Common milkweed – friend or foe?

Horticulture Hints

Do you remember decades ago when “walking beans” was a common way for area youth to earn pocket money, by removing milkweed and other weeds from soybean fields? Pulling, hoeing or corn knives were among the arsenal used. Next came the era of “riding the sprayer” involving sitting on seats pulled behind a tractor to chemically spray milkweed and other weeds growing in the field. With today’s innovations, these activities of the past are no longer the norm for removal of weedy plants considered noxious or undesirable to be growing in farm fields.

Although past generations were intent on removing milkweeds, today’s focus is on encouraging folks to let milkweeds grow in the landscape as to benefit bee and butterfly pollinators. Monarch butterflies use the milkweed to lay their eggs on and then the hatching caterpillars will feed on milkweed leaves. But beware, the common milkweed can be very invasive, as it is easily grown by seed and sends out rhizomes from the mother plant that sprout new growth. Thus, measures must be taken to avoid overpopulations in the home garden.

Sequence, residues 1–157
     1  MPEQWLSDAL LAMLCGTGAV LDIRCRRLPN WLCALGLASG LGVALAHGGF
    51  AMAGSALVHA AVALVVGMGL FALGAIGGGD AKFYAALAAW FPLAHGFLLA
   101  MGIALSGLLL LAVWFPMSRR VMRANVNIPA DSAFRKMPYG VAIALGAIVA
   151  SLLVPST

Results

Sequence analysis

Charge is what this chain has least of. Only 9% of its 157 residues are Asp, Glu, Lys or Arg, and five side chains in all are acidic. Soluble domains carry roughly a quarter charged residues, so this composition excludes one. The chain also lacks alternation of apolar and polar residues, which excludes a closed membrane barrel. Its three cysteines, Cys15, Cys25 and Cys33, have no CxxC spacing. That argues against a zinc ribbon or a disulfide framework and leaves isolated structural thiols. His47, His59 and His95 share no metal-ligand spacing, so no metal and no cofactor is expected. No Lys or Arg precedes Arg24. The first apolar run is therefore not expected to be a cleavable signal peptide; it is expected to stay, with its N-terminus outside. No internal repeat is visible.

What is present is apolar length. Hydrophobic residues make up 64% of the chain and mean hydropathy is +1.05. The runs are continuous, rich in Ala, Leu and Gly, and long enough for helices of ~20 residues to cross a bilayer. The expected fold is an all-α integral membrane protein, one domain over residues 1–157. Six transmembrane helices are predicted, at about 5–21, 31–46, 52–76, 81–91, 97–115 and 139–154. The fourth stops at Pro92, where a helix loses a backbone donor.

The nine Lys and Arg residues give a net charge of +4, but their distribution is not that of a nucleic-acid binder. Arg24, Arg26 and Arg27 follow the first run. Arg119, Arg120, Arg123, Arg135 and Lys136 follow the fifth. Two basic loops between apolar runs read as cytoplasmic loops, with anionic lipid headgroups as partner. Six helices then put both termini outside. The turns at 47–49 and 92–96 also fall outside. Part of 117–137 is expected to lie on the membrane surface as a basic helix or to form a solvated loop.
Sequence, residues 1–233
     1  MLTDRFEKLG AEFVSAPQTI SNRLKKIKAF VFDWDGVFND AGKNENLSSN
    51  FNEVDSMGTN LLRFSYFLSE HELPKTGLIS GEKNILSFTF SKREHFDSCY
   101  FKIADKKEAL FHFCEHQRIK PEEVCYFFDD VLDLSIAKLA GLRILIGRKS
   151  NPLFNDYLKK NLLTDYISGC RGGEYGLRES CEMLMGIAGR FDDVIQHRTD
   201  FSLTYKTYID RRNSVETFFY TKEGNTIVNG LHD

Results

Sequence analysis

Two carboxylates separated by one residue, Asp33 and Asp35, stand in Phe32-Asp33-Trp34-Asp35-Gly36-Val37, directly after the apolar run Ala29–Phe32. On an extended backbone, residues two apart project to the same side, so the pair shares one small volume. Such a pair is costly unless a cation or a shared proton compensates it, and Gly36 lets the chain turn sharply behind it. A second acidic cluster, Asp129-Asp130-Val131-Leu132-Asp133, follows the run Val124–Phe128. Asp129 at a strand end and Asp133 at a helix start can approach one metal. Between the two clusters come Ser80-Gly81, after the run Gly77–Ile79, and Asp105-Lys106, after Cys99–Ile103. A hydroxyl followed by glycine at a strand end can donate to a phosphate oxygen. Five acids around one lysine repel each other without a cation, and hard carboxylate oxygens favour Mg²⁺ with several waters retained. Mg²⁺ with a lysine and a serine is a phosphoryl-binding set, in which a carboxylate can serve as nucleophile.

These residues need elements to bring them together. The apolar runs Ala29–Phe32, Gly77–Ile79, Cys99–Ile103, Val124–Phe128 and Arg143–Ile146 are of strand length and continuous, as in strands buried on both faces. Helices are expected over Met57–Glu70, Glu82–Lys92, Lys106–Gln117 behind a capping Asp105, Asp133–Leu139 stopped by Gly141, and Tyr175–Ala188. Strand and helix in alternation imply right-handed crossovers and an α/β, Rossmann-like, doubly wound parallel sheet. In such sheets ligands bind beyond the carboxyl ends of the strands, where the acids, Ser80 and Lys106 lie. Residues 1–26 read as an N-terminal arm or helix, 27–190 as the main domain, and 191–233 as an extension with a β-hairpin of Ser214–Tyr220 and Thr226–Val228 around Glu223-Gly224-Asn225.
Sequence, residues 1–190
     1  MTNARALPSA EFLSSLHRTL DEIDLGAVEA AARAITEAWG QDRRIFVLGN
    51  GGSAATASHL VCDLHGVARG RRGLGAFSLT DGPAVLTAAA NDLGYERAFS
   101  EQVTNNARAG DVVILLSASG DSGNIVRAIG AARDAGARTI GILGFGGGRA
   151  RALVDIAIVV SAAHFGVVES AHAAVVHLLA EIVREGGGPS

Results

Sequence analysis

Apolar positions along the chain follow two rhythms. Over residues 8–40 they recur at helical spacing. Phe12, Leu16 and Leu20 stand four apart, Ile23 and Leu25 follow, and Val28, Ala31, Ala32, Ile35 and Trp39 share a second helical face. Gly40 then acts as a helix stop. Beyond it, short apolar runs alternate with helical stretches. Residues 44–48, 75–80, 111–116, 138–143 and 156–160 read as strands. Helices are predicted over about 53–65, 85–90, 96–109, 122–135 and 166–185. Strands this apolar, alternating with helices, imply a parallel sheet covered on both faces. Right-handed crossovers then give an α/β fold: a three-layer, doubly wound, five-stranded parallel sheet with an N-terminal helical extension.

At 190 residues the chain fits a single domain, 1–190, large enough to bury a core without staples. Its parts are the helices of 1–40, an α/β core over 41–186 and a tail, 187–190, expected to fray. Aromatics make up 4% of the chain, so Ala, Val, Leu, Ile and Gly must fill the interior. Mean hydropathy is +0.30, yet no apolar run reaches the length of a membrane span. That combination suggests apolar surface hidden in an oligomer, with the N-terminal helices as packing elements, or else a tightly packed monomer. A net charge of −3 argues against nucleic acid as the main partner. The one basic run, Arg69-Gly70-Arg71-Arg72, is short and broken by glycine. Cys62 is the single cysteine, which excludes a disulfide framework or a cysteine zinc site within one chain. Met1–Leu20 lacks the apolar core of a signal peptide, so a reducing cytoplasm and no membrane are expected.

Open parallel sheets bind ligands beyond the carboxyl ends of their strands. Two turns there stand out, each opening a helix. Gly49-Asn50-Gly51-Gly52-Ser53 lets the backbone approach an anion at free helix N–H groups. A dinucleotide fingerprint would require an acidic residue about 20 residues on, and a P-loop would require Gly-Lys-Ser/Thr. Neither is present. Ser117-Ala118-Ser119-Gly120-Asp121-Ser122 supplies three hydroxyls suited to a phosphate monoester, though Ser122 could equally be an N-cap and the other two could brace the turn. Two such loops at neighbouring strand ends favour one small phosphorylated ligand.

Mature milkweed plants have a deep growing tap root, which if broken off near the soil surface, can form several growing points from which new plants will emerge. Mature seed pods, once split open have hundreds of seed with silky hairs that are easily airborne. If left unchecked, seeds can spread by wind to undesired areas as well. Remove seed pods prior to maturing to prevent unwelcome dispersal.

Mature milkweed seed may be saved to share or for replanting. Harvest just as the seed heads are browned and before pods open completely. Replanting common milkweed seed is best done in the fall, with a light covering of soil.

Did you know? It is a good idea to wear gloves when pulling milkweeds from your garden. Milkweed plants contain a sticky, milky white latex-type substance. Some people, should they come in direct contact with the latex, may experience an allergic reaction. The compounds in milkweed latex are stored by Monarch butterflies in their tissue as a protection which makes them inedible or toxic to birds and other animals.

Questions? Contact McCormick at yvonne@iastate.edu for information or advice.

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